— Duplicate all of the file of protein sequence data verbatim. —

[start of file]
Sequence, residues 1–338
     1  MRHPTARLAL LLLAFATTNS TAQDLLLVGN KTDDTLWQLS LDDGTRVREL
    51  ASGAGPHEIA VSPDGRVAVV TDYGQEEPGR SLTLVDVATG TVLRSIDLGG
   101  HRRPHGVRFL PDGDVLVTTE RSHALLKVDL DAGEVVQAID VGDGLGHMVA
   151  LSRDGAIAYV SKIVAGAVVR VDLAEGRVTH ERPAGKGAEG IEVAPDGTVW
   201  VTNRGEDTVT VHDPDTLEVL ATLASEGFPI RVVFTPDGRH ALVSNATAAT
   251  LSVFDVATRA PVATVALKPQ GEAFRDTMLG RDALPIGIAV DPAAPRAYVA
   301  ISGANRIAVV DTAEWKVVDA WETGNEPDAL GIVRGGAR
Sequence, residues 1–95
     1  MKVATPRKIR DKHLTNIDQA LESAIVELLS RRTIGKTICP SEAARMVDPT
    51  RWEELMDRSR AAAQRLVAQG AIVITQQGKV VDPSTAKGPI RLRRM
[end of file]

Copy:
Sequence, residues 1–338
     1  MRHPTARLAL LLLAFATTNS TAQDLLLVGN KTDDTLWQLS LDDGTRVREL
    51  ASGAGPHEIA VSPDGRVAVV TDYGQEEPGR SLTLVDVATG TVLRSIDLGG
   101  HRRPHGVRFL PDGDVLVTTE RSHALLKVDL DAGEVVQAID VGDGLGHMVA
   151  LSRDGAIAYV SKIVAGAVVR VDLAEGRVTH ERPAGKGAEG IEVAPDGTVW
   201  VTNRGEDTVT VHDPDTLEVL ATLASEGFPI RVVFTPDGRH ALVSNATAAT
   251  LSVFDVATRA PVATVALKPQ GEAFRDTMLG RDALPIGIAV DPAAPRAYVA
   301  ISGANRIAVV DTAEWKVVDA WETGNEPDAL GIVRGGAR
Sequence, residues 1–95
     1  MKVATPRKIR DKHLTNIDQA LESAIVELLS RRTIGKTICP SEAARMVDPT
    51  RWEELMDRSR AAAQRLVAQG AIVITQQGKV VDPSTAKGPI RLRRM